God’s Compassion through the Prophets

A collection of seventeen books that make up the final third of the Old Testament. These books of prophecy record the words of men called by God and filled with His Spirit to proclaim God’s Truth to His people. 

Throughout the prophetic books we see the repetition of several themes: a call for Israel to return to pure worship of the One True God and the pronouncement of impending judgment if they continued in their rebellion. Often, the message God assigned His prophets to deliver was unpleasant. 

The prophetic books are not easy beach reading. Yet even within the hard-to-hear messages proclaimed by God’s prophets, we see God’s compassion on display. 

Micah’s Message of Compassion

When it came to the focus of his message for God’s people, Micah didn’t beat around the bush. For verse after verse God’s Spirit prompted Micah to proclaim a message of defeat and destruction, yet it’s compassion, not devastation, that gets the final word. 

Who is a God like you, pardoning iniquity and passing over transgression for the remnant of his inheritance? He does not retain his anger forever, because he delights in steadfast love. He will again have compassion on us; he will tread our iniquities underfoot. You will cast all our sins into the depths of the sea. (7:18–19)

Hosea Reveals God’s Compassionate Heart

God called Hosea to marry a wayward woman and ultimately to purchase her back from the lovers she insisted on chasing after. Hosea was a faithful and devoted husband who received nothing but rejection and heartache from his bride in return. Hosea’s story is hard to read because it lacks the happy ending we all crave in a romance. It becomes really hard to read when we see it for what it truly is, a raw and graphic picture of the rebellion of Israel and our own sinful tendencies to run away from God and into the arms of lesser lovers. 

Could it be that God’s compassion has a limit? Can we deplete it if we run from Him one too many times? 

Listen carefully to Hosea 11:8 and find hope. 

How can I give you up, Ephraim? How can I surrender you, Israel? How can I make you like Admah? How can I treat you like Zeboiim? I have had a change of heart; my compassion is stirred! (CSB)

It seems Hosea’s prophecy has a happy ending after all. Though we are wayward, God is faithful. Though we are weak and deserving of judgment, God is compassionate toward us. 

Isaiah Points to the Compassionate Christ

Isaiah instructed God’s people to turn from their sin, while warning of impending judgment if they continued to rebel. There is an unmistakable emphasis on the consequences of sin on one side of the coin. But flip it over. There is a second, equally significant message contained in Isaiah’s words—a message of compassion.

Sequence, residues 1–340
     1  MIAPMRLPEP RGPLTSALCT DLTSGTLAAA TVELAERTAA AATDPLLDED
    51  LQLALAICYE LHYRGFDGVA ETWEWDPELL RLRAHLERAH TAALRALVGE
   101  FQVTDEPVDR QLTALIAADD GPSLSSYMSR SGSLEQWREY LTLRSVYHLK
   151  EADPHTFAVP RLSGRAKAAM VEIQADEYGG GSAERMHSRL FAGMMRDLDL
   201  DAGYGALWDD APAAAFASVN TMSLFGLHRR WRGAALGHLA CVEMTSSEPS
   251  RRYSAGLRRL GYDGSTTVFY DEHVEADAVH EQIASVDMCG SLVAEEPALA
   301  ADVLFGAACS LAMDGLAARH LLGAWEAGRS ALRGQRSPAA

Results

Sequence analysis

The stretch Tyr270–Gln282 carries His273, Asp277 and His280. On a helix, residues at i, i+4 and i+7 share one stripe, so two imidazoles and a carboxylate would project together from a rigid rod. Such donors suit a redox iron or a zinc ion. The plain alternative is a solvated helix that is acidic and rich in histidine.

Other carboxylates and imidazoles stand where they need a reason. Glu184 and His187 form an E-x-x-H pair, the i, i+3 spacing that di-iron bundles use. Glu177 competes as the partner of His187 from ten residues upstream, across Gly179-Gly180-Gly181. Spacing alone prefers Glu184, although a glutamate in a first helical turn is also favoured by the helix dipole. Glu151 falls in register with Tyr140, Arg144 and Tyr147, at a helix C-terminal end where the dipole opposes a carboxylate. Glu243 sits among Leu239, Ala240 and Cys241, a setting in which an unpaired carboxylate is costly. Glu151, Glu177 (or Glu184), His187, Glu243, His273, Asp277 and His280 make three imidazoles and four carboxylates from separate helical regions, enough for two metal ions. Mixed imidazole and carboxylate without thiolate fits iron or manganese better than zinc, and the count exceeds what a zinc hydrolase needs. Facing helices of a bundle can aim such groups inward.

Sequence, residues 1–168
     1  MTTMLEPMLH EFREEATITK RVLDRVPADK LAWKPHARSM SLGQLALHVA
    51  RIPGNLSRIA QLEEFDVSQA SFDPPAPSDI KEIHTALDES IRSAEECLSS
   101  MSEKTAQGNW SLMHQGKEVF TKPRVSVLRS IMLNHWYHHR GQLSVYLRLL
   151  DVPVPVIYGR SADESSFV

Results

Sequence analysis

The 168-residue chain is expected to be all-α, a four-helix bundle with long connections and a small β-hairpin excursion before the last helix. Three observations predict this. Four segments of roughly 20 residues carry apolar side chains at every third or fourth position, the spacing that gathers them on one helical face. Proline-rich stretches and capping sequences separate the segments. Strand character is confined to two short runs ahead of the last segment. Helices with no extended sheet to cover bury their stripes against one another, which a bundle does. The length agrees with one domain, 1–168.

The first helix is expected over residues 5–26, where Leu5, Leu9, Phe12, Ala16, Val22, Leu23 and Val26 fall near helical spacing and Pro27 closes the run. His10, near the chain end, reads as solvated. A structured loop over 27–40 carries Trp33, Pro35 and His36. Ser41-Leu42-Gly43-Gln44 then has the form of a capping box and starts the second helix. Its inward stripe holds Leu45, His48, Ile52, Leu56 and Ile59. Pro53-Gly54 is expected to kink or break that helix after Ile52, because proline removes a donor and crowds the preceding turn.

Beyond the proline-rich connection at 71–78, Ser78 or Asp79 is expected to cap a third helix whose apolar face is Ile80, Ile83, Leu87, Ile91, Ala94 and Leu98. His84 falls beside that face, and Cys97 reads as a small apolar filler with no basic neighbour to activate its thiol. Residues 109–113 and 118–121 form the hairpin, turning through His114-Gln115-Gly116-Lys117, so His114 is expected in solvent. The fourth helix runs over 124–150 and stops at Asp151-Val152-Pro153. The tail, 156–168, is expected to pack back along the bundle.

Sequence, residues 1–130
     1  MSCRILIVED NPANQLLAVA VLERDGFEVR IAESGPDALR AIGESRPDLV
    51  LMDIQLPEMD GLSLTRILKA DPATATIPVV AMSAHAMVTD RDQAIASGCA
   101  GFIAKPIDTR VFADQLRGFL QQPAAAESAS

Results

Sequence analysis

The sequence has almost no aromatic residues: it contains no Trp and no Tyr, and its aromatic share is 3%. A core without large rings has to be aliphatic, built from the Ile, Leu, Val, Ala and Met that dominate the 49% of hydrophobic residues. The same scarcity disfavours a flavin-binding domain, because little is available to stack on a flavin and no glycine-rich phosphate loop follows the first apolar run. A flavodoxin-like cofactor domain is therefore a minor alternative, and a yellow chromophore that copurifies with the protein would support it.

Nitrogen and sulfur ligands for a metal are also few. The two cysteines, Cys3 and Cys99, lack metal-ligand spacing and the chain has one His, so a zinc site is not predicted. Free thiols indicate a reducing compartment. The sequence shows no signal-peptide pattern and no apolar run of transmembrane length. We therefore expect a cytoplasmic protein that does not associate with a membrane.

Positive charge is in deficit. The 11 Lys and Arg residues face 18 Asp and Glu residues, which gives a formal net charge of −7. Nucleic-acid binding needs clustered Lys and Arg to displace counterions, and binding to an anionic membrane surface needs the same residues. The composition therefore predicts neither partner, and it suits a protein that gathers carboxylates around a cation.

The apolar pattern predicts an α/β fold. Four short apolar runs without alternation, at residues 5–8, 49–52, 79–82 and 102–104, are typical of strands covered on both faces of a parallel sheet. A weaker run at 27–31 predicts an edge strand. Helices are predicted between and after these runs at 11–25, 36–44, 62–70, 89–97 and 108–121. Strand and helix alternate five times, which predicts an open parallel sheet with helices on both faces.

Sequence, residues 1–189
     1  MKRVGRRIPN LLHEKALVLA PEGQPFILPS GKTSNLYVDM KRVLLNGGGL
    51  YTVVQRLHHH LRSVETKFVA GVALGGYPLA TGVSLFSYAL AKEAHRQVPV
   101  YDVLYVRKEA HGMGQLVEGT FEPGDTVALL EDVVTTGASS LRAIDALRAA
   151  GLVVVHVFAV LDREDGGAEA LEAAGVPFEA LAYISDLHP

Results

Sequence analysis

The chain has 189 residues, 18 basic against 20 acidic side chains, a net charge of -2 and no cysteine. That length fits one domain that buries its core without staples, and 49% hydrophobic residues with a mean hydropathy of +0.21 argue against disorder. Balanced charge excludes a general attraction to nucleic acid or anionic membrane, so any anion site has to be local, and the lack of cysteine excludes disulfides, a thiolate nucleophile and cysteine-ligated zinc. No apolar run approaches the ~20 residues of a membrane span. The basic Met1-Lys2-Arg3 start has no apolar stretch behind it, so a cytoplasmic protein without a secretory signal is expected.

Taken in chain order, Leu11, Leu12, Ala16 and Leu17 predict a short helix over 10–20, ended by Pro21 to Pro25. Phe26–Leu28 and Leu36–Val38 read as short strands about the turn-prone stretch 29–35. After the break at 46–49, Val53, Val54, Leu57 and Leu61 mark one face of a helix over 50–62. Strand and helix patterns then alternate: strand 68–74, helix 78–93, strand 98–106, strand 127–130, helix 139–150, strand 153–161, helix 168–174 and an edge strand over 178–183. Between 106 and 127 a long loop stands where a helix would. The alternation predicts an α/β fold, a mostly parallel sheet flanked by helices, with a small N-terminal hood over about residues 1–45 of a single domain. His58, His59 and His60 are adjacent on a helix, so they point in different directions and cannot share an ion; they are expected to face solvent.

They will not hunger or thirst, the scorching heat or sun will not strike them; for their compassionate one will guide them, and lead them to springs. (49:10 CSB) 

Sing for joy, O heavens, and exult, O earth; break forth, O mountains, into singing! For the LORD has comforted his people and will have compassion on his afflicted. (49:13)

Isaiah’s book contains two complementary drum beats: the need to turn away from sin to avoid God’s judgment and God’s compassion in accepting us when we do. This is the heartbeat of Scripture. Isaiah’s prophecy stands apart from many other prophetic books because it reveals the coming of our compassionate Christ. 

For to us a child is born, to us a son is given; and the government shall be upon his shoulder, and his name shall be called Wonderful Counselor, Mighty God, Everlasting Father, Prince of Peace. Of the increase of his government and of peace there will be no end, on the throne of David and over his kingdom, to establish it and to uphold it with justice and with righteousness from this time forth and forevermore. The zeal of the LORD of hosts will do this. (9:6–7) 

Even as Isaiah was rightly accusing God’s people of sin and rebellion . . .

Even as he urged his brethren to return and worship the Lord . . .

Even as he announced God’s coming and righteous judgment . . .

God used Isaiah to declare that help was on the way. A Savior was coming who would give His life as a compassionate ransom for God’s children. 

The prophets help us see that God’s judgment and His compassion are not contradictory. Because He is compassionate, God will not allow us to stay in our sin and continue to run away from Him. Isaiah’s words declared that a day was coming when God would put His love into action by sending His Son, Jesus. 

Excerpted from Erin Davis, Uncommon Compassion: Revealing the Heart of God (Niles, MI: Revive Our Hearts, 2020). 

About the Author

Erin Davis

Erin Davis

Erin Davis is married to her high school sweetheart, Jason, and together they parent four energetic boys on their small farm in the midwest. She is the author of more than a dozen books and Bible studies, the content manager … read more …

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